“Our goal going forward is going to be more division titles, hopefully more success in the playoffs to come with those,” Elias said. “I think it’s nice in the new rule system that there are more wild cards to fall back on, but we’re going to be gearing this team towards having a good chance to winning this division and regardless of how that happens, who’s involved, what the payroll is, it’s always something to be very, very proud of if you win this division because it’s really, really hard.”
To accomplish that in 2024, Elias said in an interview with MLB.com at the general manager meetings that the team could use another starting pitcher to help fill out the rotation and a reliever to help cover for the loss of Félix Bautista, who will miss the entire season after having Tommy John elbow reconstruction surgery. There will also be the difficult decisions about how to best utilize the team’s considerable prospect depth, be it clearing space for them to play at the major league level or trading them to help improve the big league roster.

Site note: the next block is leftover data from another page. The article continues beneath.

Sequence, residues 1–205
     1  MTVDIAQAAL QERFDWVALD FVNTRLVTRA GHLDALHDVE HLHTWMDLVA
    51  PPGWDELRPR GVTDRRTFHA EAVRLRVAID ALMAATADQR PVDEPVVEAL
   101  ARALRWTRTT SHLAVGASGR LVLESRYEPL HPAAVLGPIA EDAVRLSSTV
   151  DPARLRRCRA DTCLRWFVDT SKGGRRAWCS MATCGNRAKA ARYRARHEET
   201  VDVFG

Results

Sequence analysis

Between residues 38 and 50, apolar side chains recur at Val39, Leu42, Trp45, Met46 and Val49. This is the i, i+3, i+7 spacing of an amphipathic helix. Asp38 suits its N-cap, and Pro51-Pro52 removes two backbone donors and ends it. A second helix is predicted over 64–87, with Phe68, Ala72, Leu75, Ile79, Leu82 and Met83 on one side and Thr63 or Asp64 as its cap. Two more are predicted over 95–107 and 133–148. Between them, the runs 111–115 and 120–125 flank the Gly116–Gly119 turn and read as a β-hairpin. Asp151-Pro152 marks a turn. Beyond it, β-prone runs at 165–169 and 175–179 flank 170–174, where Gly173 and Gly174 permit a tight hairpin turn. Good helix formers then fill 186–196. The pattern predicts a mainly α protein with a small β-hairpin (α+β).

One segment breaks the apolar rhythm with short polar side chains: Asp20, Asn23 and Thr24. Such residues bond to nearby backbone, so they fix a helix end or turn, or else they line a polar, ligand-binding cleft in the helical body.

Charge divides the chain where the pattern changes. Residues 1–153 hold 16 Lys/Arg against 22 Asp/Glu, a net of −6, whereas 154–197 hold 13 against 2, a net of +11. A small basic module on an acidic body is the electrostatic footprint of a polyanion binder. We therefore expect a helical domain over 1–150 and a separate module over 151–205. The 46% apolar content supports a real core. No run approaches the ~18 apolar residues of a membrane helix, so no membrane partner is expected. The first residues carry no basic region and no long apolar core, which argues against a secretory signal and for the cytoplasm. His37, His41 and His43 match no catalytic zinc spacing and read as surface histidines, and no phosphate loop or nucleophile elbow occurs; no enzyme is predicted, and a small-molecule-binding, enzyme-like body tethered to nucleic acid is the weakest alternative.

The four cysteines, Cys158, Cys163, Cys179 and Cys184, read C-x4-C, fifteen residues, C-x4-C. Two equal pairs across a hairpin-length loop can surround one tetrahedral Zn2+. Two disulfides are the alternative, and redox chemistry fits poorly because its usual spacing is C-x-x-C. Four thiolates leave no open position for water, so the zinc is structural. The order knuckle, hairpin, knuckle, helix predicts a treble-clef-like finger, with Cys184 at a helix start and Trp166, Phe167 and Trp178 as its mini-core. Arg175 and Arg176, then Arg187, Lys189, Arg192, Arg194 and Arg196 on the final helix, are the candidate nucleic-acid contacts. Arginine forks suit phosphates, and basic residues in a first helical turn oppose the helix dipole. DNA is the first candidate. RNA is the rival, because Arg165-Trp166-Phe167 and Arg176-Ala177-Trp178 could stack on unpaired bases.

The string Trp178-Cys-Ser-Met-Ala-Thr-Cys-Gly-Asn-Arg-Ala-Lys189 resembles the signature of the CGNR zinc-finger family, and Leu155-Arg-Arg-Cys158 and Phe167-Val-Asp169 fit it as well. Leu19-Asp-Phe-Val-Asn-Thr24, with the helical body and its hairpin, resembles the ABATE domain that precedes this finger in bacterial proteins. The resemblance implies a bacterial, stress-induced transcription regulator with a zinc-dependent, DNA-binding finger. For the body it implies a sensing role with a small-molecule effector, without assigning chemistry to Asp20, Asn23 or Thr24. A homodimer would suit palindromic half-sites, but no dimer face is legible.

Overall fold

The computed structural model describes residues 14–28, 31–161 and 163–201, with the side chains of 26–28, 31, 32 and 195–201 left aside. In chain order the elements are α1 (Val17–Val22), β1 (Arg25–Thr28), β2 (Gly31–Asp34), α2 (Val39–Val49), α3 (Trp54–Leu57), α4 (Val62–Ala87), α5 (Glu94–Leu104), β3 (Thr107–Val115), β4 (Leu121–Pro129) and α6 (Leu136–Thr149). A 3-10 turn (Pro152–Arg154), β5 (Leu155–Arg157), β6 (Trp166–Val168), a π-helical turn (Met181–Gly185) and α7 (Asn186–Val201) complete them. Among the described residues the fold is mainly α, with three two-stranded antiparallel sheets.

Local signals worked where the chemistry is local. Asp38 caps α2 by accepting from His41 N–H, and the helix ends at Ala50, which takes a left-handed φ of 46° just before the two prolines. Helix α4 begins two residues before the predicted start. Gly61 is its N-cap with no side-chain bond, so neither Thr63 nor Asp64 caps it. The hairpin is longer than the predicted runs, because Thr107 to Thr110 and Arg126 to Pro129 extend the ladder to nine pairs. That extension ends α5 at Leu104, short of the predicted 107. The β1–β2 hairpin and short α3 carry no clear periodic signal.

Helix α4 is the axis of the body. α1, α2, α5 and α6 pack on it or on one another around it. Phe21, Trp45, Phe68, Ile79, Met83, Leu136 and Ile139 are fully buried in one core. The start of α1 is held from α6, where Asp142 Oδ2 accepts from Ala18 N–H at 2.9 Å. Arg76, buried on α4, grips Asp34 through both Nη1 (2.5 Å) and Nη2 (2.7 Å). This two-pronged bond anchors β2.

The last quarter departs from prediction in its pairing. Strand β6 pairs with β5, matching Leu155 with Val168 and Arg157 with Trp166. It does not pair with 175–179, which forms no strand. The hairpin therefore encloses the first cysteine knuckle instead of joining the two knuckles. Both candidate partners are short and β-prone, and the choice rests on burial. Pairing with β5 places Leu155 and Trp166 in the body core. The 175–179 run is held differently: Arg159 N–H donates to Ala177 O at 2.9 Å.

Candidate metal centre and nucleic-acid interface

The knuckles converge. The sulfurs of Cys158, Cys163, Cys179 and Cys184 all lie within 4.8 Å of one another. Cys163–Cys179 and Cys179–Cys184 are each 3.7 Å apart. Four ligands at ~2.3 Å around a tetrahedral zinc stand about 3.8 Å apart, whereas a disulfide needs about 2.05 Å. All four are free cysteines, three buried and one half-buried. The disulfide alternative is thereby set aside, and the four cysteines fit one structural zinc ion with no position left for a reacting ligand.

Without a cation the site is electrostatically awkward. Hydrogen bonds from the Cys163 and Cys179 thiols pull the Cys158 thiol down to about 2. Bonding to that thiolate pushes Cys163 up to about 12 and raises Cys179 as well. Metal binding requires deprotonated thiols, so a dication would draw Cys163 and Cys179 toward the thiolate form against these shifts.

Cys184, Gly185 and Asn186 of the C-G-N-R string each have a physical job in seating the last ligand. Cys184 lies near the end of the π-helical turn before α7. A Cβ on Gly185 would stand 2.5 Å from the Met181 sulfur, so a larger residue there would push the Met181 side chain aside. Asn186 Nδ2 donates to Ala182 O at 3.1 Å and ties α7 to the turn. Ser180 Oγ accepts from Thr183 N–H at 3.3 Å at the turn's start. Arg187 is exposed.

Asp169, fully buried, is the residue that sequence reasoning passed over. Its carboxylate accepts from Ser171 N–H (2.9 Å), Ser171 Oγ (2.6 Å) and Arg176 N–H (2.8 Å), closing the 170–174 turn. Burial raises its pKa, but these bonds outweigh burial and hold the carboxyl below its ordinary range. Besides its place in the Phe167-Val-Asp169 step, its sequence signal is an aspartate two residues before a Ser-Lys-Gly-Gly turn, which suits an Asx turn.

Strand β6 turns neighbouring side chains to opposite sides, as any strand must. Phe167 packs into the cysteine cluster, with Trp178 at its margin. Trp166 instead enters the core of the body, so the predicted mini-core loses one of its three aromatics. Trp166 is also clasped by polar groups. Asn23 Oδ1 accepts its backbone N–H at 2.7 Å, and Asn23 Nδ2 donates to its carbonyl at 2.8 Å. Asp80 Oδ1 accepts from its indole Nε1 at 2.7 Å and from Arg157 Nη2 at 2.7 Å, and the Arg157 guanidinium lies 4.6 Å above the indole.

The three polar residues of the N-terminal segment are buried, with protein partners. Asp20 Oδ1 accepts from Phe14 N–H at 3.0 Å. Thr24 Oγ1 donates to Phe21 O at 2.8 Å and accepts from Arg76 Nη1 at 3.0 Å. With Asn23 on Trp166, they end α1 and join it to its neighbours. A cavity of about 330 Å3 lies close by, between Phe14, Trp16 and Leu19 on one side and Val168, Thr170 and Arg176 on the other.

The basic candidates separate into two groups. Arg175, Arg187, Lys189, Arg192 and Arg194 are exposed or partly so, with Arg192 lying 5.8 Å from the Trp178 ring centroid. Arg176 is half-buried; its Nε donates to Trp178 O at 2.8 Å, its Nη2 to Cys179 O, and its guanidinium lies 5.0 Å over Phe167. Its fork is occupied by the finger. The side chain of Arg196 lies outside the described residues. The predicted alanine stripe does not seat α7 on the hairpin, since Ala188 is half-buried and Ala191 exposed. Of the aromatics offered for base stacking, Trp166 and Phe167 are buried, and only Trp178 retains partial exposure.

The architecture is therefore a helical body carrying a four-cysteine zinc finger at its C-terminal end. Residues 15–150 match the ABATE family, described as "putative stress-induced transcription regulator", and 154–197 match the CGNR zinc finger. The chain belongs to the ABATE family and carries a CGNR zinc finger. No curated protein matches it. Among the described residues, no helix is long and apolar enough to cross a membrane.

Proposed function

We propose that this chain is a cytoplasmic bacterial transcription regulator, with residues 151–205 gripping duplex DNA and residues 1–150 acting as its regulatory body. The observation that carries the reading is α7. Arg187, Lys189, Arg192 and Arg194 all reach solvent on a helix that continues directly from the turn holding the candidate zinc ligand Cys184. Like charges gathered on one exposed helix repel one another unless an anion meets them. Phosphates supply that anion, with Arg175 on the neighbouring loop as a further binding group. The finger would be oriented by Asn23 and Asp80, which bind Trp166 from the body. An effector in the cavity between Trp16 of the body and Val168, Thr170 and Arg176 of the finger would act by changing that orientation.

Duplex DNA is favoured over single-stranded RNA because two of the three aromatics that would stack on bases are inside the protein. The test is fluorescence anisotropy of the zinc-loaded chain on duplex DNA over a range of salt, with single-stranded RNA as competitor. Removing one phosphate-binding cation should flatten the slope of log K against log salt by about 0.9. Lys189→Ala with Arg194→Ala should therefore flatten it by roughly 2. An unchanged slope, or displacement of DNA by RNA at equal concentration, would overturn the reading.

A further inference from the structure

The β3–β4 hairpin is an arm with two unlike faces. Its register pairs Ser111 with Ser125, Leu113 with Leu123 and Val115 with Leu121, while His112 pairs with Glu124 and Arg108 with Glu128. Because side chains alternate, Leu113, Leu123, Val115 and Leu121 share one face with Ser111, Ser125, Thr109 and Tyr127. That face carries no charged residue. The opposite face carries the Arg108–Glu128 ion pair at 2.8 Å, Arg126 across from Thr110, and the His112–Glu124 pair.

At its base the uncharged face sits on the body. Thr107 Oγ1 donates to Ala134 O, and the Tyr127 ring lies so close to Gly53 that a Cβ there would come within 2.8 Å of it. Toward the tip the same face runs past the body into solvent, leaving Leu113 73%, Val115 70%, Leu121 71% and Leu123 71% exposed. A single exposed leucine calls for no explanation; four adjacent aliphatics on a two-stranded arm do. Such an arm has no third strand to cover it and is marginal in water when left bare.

“It’s a little daunting, because the bar is now to, in order to have a better season, we’re going to have to win the division again, and/or make a deeper playoff run,” Elias said. “That’s a high bar, and now we’ve got a lot of players that there are higher expectations on. There’s higher expectations on the leadership in the organization. Health is health, and other than the Félix Bautista injury, we were relatively healthy last year. And it’s not going to be easy. We’re going to return toward what got us here, which is process, methods, hard work, and we’re going to trust that those will yield results as they have.”